The study of Neanderthal ritual, as proxy and preface for religion, revolves around death and burial rites. The first undisputed burials, approximately 150,000 years ago, were performed by Neanderthals. The limits of the archaeological record stymie extrapolation from burial to funeral rites, though evidence of grave goods and unusual markings on bones suggest funerary practices. In addition to funerals, a growing evidence base suggests Neanderthals made use of bodily ornamentation through pigments, feathers, and even claws.[20] As such ornamentation is not preserved in the archaeological record, it is understood only by comparison to modern hunter-gatherers, where it often corresponds to rituals of spiritual significance.[21] Unlike H. s. sapiens over equivalent periods, Neanderthal society as preserved in the archaeological record is one of remarkable stability, with little change in tool design over hundreds of thousands of years;[20] Neanderthal cognition, as backfilled from genetic and skeletal evidence, is thought sclerotic and simplistic compared to that of contemporary, let alone modern, H. s. sapiens.[15] By extension, Neanderthal ritual is speculated to have been a teaching mechanism that permitted such cultural sclerosis, by embedding a learning style where orthopraxy dominated in thought, life, and culture.[20] This is contrasted with prehistoric H. s. sapiens religious ritual, which is understood as an extension of art, culture, and intellectual curiosity.[15]

Archaeologists such as Brian Hayden interpret Neanderthal burial as suggestive of both belief in an afterlife and of ancestor worship.[22] Hayden also interprets Neanderthals as engaging in bear worship, a hypothesis driven by the common finding of cave bear remains around Neanderthal habitats and by the frequency of such worship amongst cold-dwelling hunter-gatherer societies. Cave excavations throughout the twentieth century found copious bear remains in and around Neanderthal habitats, including stacked skulls, bear bones around human graves, and patterns of skeletal remains consistent with animal skin displays.[23] Other archaeologists, such as Ina Wunn [de], find the evidence for the "bear cult" unconvincing. Wunn interprets Neanderthals as a pre-religious people, and the presence of bear remains around Neanderthal habitats as a coincidental association; as cave bears by their nature dwell in caves, their bones should expect to be found there.[12] The broader archaeological evidence overall suggests that bear worship was not a major factor of Paleolithic religion.[24]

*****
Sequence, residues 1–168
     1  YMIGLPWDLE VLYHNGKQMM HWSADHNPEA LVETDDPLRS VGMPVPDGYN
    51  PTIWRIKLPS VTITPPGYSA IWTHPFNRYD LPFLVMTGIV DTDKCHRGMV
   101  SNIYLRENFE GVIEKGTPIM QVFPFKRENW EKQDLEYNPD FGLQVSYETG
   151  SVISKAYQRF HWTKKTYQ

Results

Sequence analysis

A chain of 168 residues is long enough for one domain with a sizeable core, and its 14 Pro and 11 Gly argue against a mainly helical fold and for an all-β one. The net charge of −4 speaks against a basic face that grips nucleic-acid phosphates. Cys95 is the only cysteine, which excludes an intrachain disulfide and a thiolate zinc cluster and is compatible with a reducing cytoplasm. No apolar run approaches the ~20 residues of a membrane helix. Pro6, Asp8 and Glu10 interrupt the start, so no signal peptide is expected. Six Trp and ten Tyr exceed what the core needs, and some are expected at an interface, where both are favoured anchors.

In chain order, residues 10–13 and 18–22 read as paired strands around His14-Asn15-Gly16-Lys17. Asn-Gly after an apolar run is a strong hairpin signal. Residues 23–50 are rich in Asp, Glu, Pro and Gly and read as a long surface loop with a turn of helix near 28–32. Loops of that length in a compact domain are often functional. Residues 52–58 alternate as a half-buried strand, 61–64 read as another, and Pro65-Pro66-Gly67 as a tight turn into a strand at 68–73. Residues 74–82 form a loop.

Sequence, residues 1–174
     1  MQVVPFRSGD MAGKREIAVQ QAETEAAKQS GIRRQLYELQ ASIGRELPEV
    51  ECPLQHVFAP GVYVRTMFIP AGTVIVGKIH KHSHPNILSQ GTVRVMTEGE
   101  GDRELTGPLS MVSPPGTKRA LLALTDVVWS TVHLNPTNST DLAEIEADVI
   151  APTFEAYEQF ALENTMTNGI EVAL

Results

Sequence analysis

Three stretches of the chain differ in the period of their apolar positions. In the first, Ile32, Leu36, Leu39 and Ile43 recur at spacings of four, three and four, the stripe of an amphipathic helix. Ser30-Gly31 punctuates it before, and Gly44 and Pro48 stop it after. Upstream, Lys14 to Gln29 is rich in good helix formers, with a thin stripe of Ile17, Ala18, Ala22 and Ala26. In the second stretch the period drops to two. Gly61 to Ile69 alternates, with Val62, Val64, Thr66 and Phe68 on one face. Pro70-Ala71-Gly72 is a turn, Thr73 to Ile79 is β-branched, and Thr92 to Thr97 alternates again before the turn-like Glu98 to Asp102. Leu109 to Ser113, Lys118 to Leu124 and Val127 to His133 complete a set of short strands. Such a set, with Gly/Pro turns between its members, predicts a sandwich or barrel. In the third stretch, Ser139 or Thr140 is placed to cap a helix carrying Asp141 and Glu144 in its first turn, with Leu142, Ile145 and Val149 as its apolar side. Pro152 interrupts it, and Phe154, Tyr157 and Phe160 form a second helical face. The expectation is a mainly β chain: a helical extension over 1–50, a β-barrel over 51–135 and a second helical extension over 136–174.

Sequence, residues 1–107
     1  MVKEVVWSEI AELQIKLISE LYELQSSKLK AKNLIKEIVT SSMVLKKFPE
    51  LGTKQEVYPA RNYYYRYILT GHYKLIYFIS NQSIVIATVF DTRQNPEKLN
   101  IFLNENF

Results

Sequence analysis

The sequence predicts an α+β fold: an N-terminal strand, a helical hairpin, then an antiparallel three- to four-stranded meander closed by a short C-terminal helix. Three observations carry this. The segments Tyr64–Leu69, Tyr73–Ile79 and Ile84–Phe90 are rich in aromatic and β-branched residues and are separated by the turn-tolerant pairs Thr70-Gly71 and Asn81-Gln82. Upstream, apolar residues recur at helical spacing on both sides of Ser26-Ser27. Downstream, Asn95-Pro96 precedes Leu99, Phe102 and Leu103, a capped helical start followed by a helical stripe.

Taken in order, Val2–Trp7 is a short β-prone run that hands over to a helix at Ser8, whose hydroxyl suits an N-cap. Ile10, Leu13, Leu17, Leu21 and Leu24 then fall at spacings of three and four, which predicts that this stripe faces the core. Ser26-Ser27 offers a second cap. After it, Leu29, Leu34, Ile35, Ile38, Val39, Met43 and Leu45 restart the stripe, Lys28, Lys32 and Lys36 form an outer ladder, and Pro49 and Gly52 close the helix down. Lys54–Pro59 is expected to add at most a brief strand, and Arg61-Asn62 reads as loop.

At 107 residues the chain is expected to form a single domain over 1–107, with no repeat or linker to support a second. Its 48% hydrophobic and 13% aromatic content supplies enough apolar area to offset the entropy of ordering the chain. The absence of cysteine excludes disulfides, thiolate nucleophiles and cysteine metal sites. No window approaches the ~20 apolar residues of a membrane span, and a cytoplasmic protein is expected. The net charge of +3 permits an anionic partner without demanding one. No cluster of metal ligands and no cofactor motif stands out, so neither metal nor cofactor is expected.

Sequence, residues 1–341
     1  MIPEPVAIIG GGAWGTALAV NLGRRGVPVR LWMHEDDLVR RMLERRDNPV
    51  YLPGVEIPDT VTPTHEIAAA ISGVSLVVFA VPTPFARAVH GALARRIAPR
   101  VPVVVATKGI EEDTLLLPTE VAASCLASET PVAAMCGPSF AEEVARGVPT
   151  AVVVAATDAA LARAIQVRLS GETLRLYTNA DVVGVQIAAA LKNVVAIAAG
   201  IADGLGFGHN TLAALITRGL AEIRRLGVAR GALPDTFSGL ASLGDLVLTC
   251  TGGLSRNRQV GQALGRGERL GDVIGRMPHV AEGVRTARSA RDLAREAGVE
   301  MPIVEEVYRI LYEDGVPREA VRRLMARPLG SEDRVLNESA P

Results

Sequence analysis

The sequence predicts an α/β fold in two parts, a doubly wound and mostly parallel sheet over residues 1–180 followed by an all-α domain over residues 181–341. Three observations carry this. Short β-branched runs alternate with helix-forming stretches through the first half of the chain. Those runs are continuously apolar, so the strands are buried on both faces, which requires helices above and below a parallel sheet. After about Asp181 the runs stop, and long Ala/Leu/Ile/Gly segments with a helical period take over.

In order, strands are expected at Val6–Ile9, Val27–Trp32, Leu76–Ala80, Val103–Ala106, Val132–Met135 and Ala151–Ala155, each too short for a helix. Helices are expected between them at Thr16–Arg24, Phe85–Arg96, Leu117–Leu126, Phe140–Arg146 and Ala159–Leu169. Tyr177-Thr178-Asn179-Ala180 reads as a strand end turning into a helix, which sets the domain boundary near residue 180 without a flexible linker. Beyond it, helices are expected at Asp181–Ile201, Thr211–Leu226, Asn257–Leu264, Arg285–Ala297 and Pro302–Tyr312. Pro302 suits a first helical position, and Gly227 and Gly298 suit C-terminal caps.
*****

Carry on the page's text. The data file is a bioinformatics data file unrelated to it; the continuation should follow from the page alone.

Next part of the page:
In recent years, genetic and neurological research has expanded the study of the emergence of religion. In 2018, the cultural anthropologist Margaret Boone Rappaport published her analysis of the sensory, neurological, and genetic differences between the great apes, Neanderthals, H. s. sapiens, and H. s. idaltu. She interprets the H. s. sapiens brain and genome as having a unique capacity for religion through characteristics such as expanded parietal lobes, greater cognitive flexibility, and an unusually broad capacity for both altruism and aggression. In Rappaport's framework, only H. s. sapiens of the hominins is capable of religion for much the same reason as the tools and artworks of prehistoric H. s. sapiens are finer and more detailed than those of their Neanderthal contemporaries; all are products of a unique cognition.[15]

Paleolithic

Painting of people gathering together. The focal point is an elderly man carving notches into a tree stump, while a child watches. To the side, a number of people are holding pots. More people are carving tree stumps in the background.
Artist's impression of a Paleolithic gathering

The Paleolithic, sometimes called the Old Stone Age, makes up over 99% of humanity's history. Lasting from approximately 2.5 million years ago through to 10,000 BC, the Paleolithic comprises the emergence of the Homo genus, the evolution of mankind, and the emergence of art, technology, and culture.[25] The Paleolithic is broadly divided into Lower, Middle, and Upper periods. The Lower Paleolithic (2.5 mya–300,000 BC) sees the emergence of stone tools, the evolution of Australopithecus, Homo habilis, and Homo erectus, and the first dispersal of humanity from Africa; the Middle Paleolithic (300,000 BC–50,000 BC) the apparent beginnings of culture and art alongside the emergence of Neanderthals and anatomically modern humans; the Upper Paleolithic (50,000 BC–10,000 BC) a sharp flourishing of culture, the emergence of sophisticated and elaborate art, jewellery, and clothing, and the worldwide dispersal of Homo sapiens sapiens.[26][27][note 2]